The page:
Although the minimal clinically meaningful difference from baseline in trough FEV1 is deemed to be 100 mL [30], this was determined on the basis of comparisons of active treatments with placebo. It is possible that smaller differences between active therapies could be associated with changes in symptoms and health status reported by the patient. In this study, the observed significant additional increase in trough FEV1 and IC at 8 weeks with UMEC/VI compared with TIO/OLO was reflected in a significant added benefit in favor of UMEC/VI observed in reduced rescue medication use (puffs per day); however, it was not reflected in other patient-reported outcomes.

In any given COPD population with limited bronchodilator reversibility, potentially modest incremental mean treatment differences are likely when two active therapies are compared. The crossover design of this study not only allowed patients to receive both LAMA/LABA combinations (in a random sequence) to estimate the overall mean incremental efficacy difference in trough FEV1, but also allowed the quantification of the number of individual patients who experienced a clinically meaningful (100 mL or more) treatment difference from baseline between the two LAMA/LABA combinations. Patients receiving UMEC/VI had twofold increased odds of experiencing a clinically meaningful increase from baseline in trough FEV1 at both week 4 and week 8 compared with those receiving TIO/OLO. In addition, individual patient responses demonstrated that 52% of patients reported a more than 100-mL better increase with UMEC/VI compared with TIO/OLO, with only 19% achieving a similar magnitude of benefit in the opposite direction. Achieving this clinically important treatment goal more frequently with UMEC/VI compared with TIO/OLO is likely to be important in COPD, as it has been shown over longer assessment periods to be associated with a reduced risk of future exacerbations, with a 100-mL increase in trough FEV1 from the baseline resulting in an estimated 12–21% decrease in exacerbation rates, with a 28–30% rate reduction for responders compared with nonresponders [31, 32, 33, 34]. An improved likelihood of achieving clinically relevant improvements in long-term health status [32, 33] and the potential to prevent longer-term clinically relevant deteriorations in lung function and health status have also been linked to improved bronchodilation [35, 36, 37, 38, 39]. The increase in trough FEV1 observed with UMEC/VI compared with TIO/OLO was also supported by similar observations on other lung volume parameters (FVC and IC) at 4 and 8 weeks. Increases in resting IC suggest a beneficial effect on static lung hyperinflation, an important aspect of COPD that is associated with increased dyspnea and a reduced ability to perform activities of daily living [40, 41, 42]. Although dyspnea was not directly assessed in this study, other bronchodilator studies have shown associations between similar improvements in lung function and volumes and reductions in breathlessness [12, 43].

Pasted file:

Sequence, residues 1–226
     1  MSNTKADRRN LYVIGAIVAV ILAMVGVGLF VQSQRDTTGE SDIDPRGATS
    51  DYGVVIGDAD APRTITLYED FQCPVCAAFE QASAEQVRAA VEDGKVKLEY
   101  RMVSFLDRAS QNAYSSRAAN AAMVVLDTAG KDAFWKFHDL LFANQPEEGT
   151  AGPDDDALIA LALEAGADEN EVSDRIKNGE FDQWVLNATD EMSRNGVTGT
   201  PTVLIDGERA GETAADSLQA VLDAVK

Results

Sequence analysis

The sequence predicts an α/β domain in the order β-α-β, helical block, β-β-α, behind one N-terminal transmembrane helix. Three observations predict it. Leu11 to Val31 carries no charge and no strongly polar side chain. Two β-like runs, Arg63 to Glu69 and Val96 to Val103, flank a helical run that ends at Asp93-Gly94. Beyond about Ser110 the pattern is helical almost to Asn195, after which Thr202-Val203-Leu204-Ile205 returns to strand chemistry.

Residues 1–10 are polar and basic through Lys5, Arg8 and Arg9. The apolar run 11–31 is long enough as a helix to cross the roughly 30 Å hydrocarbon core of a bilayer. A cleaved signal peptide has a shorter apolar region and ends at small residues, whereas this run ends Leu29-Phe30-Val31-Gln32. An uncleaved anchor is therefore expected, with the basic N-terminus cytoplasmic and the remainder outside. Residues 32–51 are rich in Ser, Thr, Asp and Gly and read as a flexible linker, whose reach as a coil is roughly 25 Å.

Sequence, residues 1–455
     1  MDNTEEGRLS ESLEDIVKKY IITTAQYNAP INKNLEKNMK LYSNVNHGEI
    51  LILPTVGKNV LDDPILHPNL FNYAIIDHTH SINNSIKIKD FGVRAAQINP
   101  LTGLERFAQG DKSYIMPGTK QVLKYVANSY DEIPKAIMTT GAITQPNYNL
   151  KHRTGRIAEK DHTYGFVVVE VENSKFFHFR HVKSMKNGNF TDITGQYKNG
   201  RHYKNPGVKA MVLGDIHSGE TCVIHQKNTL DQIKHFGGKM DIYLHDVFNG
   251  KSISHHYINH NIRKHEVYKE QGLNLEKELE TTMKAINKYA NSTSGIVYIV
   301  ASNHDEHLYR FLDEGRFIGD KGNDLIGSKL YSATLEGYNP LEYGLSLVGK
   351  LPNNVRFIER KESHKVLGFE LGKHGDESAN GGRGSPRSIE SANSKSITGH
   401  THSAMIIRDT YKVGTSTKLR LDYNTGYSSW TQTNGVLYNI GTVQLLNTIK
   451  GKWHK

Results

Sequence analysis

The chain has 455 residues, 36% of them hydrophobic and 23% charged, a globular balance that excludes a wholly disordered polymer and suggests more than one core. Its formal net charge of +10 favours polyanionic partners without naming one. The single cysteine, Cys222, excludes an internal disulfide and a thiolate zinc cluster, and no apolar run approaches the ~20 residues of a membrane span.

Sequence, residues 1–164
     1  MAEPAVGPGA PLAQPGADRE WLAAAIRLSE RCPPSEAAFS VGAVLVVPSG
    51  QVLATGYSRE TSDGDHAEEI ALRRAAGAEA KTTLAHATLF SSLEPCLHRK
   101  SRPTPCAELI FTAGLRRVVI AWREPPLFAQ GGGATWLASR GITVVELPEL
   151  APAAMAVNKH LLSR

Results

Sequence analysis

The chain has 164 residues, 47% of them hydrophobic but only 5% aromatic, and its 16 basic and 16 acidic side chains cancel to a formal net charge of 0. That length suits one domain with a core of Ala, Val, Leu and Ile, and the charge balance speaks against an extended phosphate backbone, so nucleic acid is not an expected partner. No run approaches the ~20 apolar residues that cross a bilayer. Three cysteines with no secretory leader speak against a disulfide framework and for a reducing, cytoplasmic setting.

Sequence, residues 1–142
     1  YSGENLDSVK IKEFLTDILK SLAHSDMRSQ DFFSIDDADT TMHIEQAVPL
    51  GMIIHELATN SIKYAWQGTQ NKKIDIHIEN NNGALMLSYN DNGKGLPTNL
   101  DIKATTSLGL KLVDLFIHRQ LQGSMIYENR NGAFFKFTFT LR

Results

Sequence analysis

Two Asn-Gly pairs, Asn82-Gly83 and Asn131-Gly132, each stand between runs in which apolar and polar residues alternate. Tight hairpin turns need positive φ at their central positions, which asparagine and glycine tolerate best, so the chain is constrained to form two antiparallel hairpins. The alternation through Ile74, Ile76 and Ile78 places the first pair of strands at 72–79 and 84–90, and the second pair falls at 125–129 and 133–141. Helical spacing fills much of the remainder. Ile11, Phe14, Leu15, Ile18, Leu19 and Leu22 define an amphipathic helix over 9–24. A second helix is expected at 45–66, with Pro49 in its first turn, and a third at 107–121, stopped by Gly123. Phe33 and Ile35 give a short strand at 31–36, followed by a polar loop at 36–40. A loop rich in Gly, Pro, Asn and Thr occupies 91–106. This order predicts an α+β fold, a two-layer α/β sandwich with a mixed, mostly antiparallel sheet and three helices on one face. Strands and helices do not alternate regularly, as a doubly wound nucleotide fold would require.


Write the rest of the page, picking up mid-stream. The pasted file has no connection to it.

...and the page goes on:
The benefits of aiming for maximal bronchodilation must always be balanced against the increased potential for AEs and SAEs. In this study, the greater improvements in lung function seen with UMEC/VI compared with TIO/OLO were not at the expense of any increase in AE reporting. Indeed, both treatment regimens were well tolerated, with similar safety profiles. As a recent network meta-analysis by Oba et al. [44] has also reported that the LAMA/LABA class is as well tolerated as LAMA monotherapy, and similar findings have been reported in randomized controlled trials of UMEC/VI compared with TIO [10], these findings are reassuring.

In this study, the inclusion of highly symptomatic patients with a modified Medical Research Council Dyspnoea Scale score of 2 or greater and a postbronchodilator FEV1 of 50–70% of the predicted value [Global Initiative for Chronic Obstructive Lung Disease (GOLD) stage 2] focused the study on patients appropriate for early use of dual bronchodilator therapy who were more likely to be responsive to treatment, thereby facilitating better detection of within-class efficacy differences. Likewise, the exclusion of concomitant ICS treatment, in line with the current GOLD treatment paradigm favoring LAMA/LABA use before the addition of ICS therapy [4], also limited confounding of the maximum bronchodilator response, providing greater capacity to detect within-class efficacy differences. These factors support the robustness of the findings, and should be considered in future comparative studies of LAMA/LABA treatments.

The limitations of this study include those associated with the study design, such as the open-label administration of treatments, no placebo arm, and the potentially short 8-week study duration. Open-label treatment has the potential to introduce bias, particularly in subjective patient-reported efficacy assessments, but it was not possible to source placebo Respimat inhalers from Boehringer Ingelheim to allow a double-blind, double-dummy study to be performed. However, to mitigate any potential for bias on the objectively assessed primary outcome measure, the technicians performing spirometry were blinded to treatment allocation within each study period. It is also notable that the magnitude of the treatment difference for the primary end point was fully in line with expectations seen from indirect treatment comparisons of double-blind trials [8, 18]. The 8-week study duration was sufficient to allow robust assessments of bronchodilator response, with a plateau in the responses detected after 4 weeks with both treatments. However, it could be argued that the study duration was too short to assess differences in longer-term outcomes such as the rate of exacerbations and changes in quality of life over time. Nevertheless, given the comparison in this study is between two bronchodilators, clinically meaningful increases in trough FEV1 in the first 8 weeks, twofold increased odds of achieving a clinically meaningful level of response, and the reported impact of this level of response on future reductions in annual exacerbation rates suggest the potential for longer-term efficacy differences [31].